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An Introduction to Zoology:  Chapter 6
An Introduction to Zoology: Chapter 6
Published by The Lone Ranger
Default Development in Different Animal Taxa

Development in Different Animal Taxa:
As discussed in a previous chapter, animals can be divided into three major groups according to how they develop. In the sponges (Phylum Porifera) and similar animals, there is no embryonic development at all. These animals have no true tissues, and it’s not an exaggeration to say that they’re basically just clumps of cells. These animals are sometimes referred to as the Parazoa (“beside-animals”), indicating that they split off from the main line of animal evolution (the Eumetazoans) very early.

Development in a sponge: There is no gastrulation and, therefore, no embryonic tissues form. As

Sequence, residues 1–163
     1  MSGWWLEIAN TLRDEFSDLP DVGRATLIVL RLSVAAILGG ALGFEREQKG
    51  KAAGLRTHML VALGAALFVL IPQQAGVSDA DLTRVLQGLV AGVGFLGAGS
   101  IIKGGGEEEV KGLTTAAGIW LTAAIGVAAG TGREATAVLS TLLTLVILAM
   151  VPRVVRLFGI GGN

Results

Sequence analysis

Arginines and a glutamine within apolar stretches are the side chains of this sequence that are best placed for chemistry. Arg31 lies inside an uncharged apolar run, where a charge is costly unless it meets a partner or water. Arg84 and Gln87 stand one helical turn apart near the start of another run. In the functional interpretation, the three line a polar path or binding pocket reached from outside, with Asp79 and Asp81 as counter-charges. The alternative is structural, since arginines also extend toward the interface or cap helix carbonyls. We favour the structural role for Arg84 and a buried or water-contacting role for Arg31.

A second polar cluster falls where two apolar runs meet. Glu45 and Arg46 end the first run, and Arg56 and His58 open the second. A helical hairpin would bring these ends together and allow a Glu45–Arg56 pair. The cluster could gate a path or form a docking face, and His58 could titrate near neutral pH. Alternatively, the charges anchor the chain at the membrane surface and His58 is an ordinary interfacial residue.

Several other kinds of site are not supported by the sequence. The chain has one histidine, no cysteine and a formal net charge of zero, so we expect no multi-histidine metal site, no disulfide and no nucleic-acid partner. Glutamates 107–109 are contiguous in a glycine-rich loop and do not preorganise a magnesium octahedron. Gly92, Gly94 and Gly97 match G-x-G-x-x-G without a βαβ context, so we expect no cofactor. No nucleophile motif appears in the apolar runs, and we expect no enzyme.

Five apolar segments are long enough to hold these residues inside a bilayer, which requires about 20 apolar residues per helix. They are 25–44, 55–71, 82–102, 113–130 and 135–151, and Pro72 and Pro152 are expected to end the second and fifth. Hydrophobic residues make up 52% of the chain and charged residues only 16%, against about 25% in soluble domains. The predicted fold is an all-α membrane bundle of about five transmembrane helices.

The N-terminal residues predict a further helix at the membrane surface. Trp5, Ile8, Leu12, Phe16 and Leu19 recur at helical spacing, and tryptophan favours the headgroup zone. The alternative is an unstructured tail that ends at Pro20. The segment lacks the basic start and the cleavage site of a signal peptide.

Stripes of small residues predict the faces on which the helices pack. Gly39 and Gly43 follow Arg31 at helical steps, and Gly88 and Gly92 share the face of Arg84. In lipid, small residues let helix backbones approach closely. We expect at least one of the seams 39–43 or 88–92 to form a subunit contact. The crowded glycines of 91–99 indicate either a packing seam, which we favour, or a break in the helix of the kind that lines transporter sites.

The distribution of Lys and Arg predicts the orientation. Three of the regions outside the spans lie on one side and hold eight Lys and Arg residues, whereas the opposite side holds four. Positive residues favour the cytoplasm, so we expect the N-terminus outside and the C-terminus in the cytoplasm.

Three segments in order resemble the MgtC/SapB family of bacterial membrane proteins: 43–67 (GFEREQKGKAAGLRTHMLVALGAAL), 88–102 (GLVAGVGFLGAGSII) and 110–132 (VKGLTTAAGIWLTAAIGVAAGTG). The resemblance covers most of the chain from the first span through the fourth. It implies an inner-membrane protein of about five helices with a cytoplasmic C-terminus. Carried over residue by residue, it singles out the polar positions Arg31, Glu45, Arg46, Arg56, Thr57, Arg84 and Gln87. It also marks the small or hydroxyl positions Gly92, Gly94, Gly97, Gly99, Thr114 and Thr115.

a result, the adult animal is basically a clump of largely undifferentiated cells with no true tissues or organs.


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By monruw on 03-30-2011, 01:55 PM
Default Re: An Introduction to Zoology: Chapter 6

why it's called animal-vegetal axis? sound like kinda food, meat and vegetable or what else~ any story behind this?
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By The Lone Ranger on 05-22-2011, 01:35 AM
Default Re: An Introduction to Zoology: Chapter 6

"Vegetal," is related to "vegetable." Many plants can reproduce asexually, whereas virtually all animals reproduce sexually.

Probably for this reason, "vegetal" came to refer to processes in living things that are "plant-like," especially processes that do not occur through sexual reproduction. More to the point, perhaps, plants generally grow much more slowly than do animals. So the "vegetal" pole of an egg gets its name for the fact that the cells in this region grow and divide much more slowly than do the cells in the "animal" pole.


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